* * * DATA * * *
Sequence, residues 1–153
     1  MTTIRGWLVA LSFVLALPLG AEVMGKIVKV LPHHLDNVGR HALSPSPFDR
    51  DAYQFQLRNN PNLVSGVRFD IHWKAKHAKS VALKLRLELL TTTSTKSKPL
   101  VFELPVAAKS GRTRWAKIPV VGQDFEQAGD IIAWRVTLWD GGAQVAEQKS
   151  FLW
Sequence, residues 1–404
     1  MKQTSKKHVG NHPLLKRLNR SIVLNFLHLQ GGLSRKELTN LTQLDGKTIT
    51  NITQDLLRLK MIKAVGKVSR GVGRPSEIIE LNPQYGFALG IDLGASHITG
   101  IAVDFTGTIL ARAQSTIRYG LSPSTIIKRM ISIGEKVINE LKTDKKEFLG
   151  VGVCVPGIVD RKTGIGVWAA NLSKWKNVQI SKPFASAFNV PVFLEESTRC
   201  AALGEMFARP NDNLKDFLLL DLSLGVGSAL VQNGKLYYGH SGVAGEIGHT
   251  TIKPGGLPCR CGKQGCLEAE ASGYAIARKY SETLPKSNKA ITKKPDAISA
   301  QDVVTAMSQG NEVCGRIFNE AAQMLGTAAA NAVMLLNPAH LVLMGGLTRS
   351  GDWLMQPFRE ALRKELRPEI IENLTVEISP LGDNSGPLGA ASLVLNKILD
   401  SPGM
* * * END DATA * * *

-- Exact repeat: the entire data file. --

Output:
Sequence, residues 1–153
     1  MTTIRGWLVA LSFVLALPLG AEVMGKIVKV LPHHLDNVGR HALSPSPFDR
    51  DAYQFQLRNN PNLVSGVRFD IHWKAKHAKS VALKLRLELL TTTSTKSKPL
   101  VFELPVAAKS GRTRWAKIPV VGQDFEQAGD IIAWRVTLWD GGAQVAEQKS
   151  FLW
Sequence, residues 1–404
     1  MKQTSKKHVG NHPLLKRLNR SIVLNFLHLQ GGLSRKELTN LTQLDGKTIT
    51  NITQDLLRLK MIKAVGKVSR GVGRPSEIIE LNPQYGFALG IDLGASHITG
   101  IAVDFTGTIL ARAQSTIRYG LSPSTIIKRM ISIGEKVINE LKTDKKEFLG
   151  VGVCVPGIVD RKTGIGVWAA NLSKWKNVQI SKPFASAFNV PVFLEESTRC
   201  AALGEMFARP NDNLKDFLLL DLSLGVGSAL VQNGKLYYGH SGVAGEIGHT
   251  TIKPGGLPCR CGKQGCLEAE ASGYAIARKY SETLPKSNKA ITKKPDAISA
   301  QDVVTAMSQG NEVCGRIFNE AAQMLGTAAA NAVMLLNPAH LVLMGGLTRS
   351  GDWLMQPFRE ALRKELRPEI IENLTVEISP LGDNSGPLGA ASLVLNKILD
   401  SPGM